Woke up this morning
The whole world was yelling
I wish I was dreaming
Of all that we’ve been through.
If there’s anything good coming out of our current climate of division and diatribe, the cry of this song reflects it. Many of us outside the limelight (and even a few in it) are hungering for a return to humility and civility.
Maher’s song will outlast every clamoring crisis and incendiary protest; it will outlast today’s bad examples and tomorrow’s snarky satire. It goes deeper because problem not rooted in the White House or celebrity misconduct.
“The line between good and evil,” Aleksandr Solzhenitsyn discovered in the degradation of a Soviet prison camp, “passes through every human heart.” He included his own. And I must include mine.
When everybody’s looking for another fight
When trouble’s on the rise, no end in sight
Oh Savior, won’t You come and make the wrong things right
Let me be the place You start
Give me a clean heart
This song puts the responsibility on the only person I can control in the war of the words: myself.
I must repent of every careless like and share. I must resolve to speak the truth only in love. I must refuse to perpetuate the unbridled anger driving our public conversation even when I have some sympathy for the underlying idea it may be addressing.
I must hold leaders whose ideas are similar to mine to the same standards I apply to my opponents. I must treat my enemies with respect and offer arguments free of venom.
I must admit that I still fail. I must welcome more love into my heart.
This is especially serious for people who claim to be Christian, and it’s time to make it clear to those who continue to deny Christ by their words, deeds and posts. It really doesn’t matter that we stand for life when we use our tongues a daggers. If we cannot disagree and still be respectful, we’ve made things worse, not better.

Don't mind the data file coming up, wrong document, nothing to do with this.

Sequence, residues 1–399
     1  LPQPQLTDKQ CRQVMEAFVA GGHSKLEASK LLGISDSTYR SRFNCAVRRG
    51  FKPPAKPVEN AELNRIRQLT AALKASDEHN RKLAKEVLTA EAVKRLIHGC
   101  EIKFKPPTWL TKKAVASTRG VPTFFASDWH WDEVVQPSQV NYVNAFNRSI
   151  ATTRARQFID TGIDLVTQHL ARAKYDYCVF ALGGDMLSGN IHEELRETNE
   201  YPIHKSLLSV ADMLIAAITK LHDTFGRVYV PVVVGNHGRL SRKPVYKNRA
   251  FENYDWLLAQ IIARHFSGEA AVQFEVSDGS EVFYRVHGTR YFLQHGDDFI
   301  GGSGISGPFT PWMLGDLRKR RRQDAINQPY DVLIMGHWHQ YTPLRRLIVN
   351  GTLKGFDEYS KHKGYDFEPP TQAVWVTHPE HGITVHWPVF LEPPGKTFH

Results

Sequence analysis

If we cannot love people whose race or lifestyle or religion or political party is different from ours, we do not resemble Christ in the least.
“When he was insulted, he returned no insult; when he suffered he did not threaten.” Christ loved his enemies and prayed for those who despised him. He said we’d be accountable for every careless word.
And I must begin with me.
I must repent of the times I’ve succumbed to the spirit of the age. I must confess my wrongs and make it up to those I’ve offended.
I must begin to test my likes and shares by the beauty of 1 Corinthians 13:
If I tweet in the tone of comics and hipsters, but have not love, I’m a honking horn, a blaring siren. And if I share reckless rants and post mocking memes, I have not love, and I am nothing. If my good deeds are photo ops and my enemy’s failings, feed fodder, I gain nothing.
Love prays before it tweets; its intention is pure. Love does not boast of its own accomplishments but celebrates the goodness of others.
Love is not sarcastic; it can communicate its anger without expletives. Love neither likes nor shares mean-spirited content.
Love defends the wounded and covers a multitude of sins. Love seeks understanding and walks in the pathway of peace.
Love can dispute without diminishing those who disagree.
We fail, but love never fails. Love gives the mercy it hopes to receive on the day when every keyboard is frozen and every tongue is stilled.
Give me a clean heart.
If you enjoyed this post you might also like For a Time of Transition: 3 Versions of the Litany of Humility in Song and Dialog in a Divisive Time: Bishop Barron, Dave Rubin and the Space Between.
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